/Answers: What Video Game Should Become A Movie?

Every week in /Answers, we answer a new pop culture-related question. In this edition, we celebrate the release of Rampage by asking "What video game should become a movie?"

Vanessa Bogart: Wolfenstein

I have very little love to give when it comes to video game-based movies. I personally don't want my 50-plus hours of blood, sweat, and tears in a game reduced to two hours of "good, dumb, fun." However, when it comes to Wolfenstein, I would pay good money to see it on the big screen.

First Person Shooters are by far my go-to gaming genre, and if it has a super badass plot to go with it, even better. The draw of Wolfenstein is all plot and no mechanics. As an FPS game it fumbles, but my god, does this game have one of the greatest bat shit crazy amazing plots I have ever had the privilege of losing sleep over. You wake up from a coma to discover that the Axis Powers won World War II and now you have to go on a Nazi killing spree. Oh, and throw in the ever entrancing draw of science-fiction weaponry, mysterious ancient organizations, and a surprising amount of humanity.

So here in this 2018, post-Inglorious Bastards, politically unstable world, what could be more fun than some good 'ol fast-paced, science-fiction-fueled, Nazi killin'? Nothing. The answer is nothing.

Jacob Hall: XCOM

For this answer, I was tempted to go with something like Red Dead Redemption or The Last of Us, video games that tell a cinematic story and are populated with fleshed-out characters you grow to care about as you play. But here's the problem. Every time Hollywood attempts to adapt a video game with a story that's worth a damn, they seem to inevitably screw it up. These games are masterpieces, their stories near-perfect, and maybe they should be just allowed to exist in their original forms.

So I'm throwing my support behind the XCOM series, a video game franchise whose story, whose drama, is often generated by chance. Let me explain. These games task you with stopping an alien invasion, charging you with building a base, managing resources, researching technology, and commanding the soldiers on the ground as they face extraterrestrial forces. While you issue commands and outfit your troops, you don't have direct control over them – you simply issue orders and hope you make the right call.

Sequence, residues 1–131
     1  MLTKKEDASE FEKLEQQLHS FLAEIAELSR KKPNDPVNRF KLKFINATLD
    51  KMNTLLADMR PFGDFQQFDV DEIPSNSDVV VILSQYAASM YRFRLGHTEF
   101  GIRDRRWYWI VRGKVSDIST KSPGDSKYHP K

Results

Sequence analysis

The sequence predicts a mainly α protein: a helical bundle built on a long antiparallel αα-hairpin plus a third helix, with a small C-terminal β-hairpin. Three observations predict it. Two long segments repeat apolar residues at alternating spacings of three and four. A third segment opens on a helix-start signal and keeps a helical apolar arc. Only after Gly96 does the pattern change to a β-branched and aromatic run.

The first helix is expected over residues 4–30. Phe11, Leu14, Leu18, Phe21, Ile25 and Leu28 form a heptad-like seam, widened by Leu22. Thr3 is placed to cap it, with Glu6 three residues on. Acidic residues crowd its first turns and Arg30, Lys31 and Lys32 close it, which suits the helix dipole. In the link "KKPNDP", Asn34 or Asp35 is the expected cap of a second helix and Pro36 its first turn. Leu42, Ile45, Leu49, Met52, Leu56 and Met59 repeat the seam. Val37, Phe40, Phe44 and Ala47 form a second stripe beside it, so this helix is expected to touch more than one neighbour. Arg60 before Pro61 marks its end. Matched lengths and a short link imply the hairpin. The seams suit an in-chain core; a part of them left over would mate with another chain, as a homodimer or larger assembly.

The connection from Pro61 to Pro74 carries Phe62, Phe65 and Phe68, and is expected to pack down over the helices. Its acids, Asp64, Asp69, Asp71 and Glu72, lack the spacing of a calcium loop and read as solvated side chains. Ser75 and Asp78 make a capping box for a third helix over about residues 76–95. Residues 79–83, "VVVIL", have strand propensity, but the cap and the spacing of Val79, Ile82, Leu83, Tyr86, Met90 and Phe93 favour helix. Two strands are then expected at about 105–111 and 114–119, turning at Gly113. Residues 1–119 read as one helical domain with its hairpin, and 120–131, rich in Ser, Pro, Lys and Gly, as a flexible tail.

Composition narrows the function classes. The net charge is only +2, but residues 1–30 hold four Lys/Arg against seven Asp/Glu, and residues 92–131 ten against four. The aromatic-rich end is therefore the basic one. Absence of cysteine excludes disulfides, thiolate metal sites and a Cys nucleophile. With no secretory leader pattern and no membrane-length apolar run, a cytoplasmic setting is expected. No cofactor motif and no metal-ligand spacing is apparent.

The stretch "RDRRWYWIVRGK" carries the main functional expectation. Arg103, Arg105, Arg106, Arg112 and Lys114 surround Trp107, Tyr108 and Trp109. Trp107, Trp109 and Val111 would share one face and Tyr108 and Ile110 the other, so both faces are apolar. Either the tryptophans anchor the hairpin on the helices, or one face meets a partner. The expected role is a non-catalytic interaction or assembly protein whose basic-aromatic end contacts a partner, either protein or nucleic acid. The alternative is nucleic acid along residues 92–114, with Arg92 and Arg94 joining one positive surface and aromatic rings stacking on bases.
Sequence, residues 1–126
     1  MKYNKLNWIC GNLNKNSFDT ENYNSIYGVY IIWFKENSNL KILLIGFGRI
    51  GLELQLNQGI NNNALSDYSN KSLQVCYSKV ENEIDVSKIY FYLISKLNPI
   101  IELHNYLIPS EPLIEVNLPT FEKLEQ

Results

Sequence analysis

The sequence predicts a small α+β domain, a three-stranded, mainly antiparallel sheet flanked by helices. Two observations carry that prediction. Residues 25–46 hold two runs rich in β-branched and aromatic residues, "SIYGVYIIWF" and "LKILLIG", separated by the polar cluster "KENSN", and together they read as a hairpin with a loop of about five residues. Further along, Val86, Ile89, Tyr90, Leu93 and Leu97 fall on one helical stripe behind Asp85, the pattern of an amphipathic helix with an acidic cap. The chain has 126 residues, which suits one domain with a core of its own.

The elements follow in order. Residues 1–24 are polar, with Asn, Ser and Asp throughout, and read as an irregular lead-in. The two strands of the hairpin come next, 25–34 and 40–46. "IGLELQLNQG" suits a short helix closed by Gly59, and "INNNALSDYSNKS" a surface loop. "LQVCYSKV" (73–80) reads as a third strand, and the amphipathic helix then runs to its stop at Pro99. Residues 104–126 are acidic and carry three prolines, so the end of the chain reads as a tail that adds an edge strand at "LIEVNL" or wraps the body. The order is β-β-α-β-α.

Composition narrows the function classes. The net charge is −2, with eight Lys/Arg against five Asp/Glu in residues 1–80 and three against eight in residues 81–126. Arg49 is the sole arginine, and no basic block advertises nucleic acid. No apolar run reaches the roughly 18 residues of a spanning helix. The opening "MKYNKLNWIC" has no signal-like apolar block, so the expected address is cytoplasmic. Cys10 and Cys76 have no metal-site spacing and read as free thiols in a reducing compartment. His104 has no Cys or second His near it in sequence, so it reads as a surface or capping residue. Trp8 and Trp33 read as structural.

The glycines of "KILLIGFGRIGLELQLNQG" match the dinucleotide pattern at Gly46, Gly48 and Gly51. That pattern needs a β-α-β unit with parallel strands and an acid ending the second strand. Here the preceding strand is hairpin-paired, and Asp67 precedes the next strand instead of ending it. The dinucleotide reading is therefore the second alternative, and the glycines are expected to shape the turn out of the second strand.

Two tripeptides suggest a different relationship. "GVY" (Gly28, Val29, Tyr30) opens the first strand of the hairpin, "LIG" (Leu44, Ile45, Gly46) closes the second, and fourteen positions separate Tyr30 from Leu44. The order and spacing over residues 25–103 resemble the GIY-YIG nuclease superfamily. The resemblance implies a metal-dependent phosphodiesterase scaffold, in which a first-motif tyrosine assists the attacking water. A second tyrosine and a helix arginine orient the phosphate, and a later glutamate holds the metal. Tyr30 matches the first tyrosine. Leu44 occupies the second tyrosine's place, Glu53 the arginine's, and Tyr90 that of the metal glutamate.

And often, you will not make the right call. You will make all kinds of wrong calls. Your soldiers will die heroically, tragically, and hilariously. You'll scream at your monitor and curse your poor decisions. Or your laugh triumphantly as a totally FUBAR'd situation suddenly turns around in your favor. The drama of XCOM is not scripted by the game developers (the storyline is barebones and not that thrilling on its own), but each game becomes increasingly personal as you invest in every moment, letting a story generate around you as you play. Rather than attempt to adapt a near-perfect video game story, a talented screenwriter should put 100-plus hours into XCOM, take notes on all of the outrageous, unexpected, amazing, and awful things that happen to their soldiers, and then write a movie around them. And it'll be a personal work – they were there for all of it and felt all of that emotional whiplash.

Chris Evangelista: SkiFree

Remember SkiFree? The classic Microsoft game where a pixelated skier attempted to outrun a Yeti? How has Hollywood not tapped into this yet? It's a goldmine waiting to happen. Picture this, if you will: a two-hour movie set entirely on the ski slopes – it's never really been done before. Unless you count Frozen. No, not the Disney one – the one where twenty-somethings get stuck on a ski lift and proceed to succumb to the elements. But even that isn't set on the slopes – it's set on the ski lift. Anyway, I'm getting off topic here.

The SkiFree movie would feature Dwayne "The Rock" Johnson as Mortimer SkiFree, the world's best skiing instructor. He's skied every mountain in the world successfully, except the one from the game SkiFree. I don't know what it's name is; I don't think it had a name in the game. Let's call it Mt. SkiFree. Yes, I know the character's name is SkiFree too; just go with it.

Mortimer SkiFree attempts to ski Mt. SkiFree, slalom, freestyle, and tree slalom-style. It won't be easy: he'll have to watch out for trees, stumps, dogs, and, of course, the Yeti. In order to please the fans, the Yeti in the movie will look exactly like it does in the game – a big white blob with stick-figure legs and arms.

I have no idea how this movie ends. Maybe Mortimer and the Yeti become friends? Anyway, let Werner Herzog direct and narrate the film, and you've got yourself a blockbuster. Boom – end of the video game movie curse.

Matt Donato: CarnEvil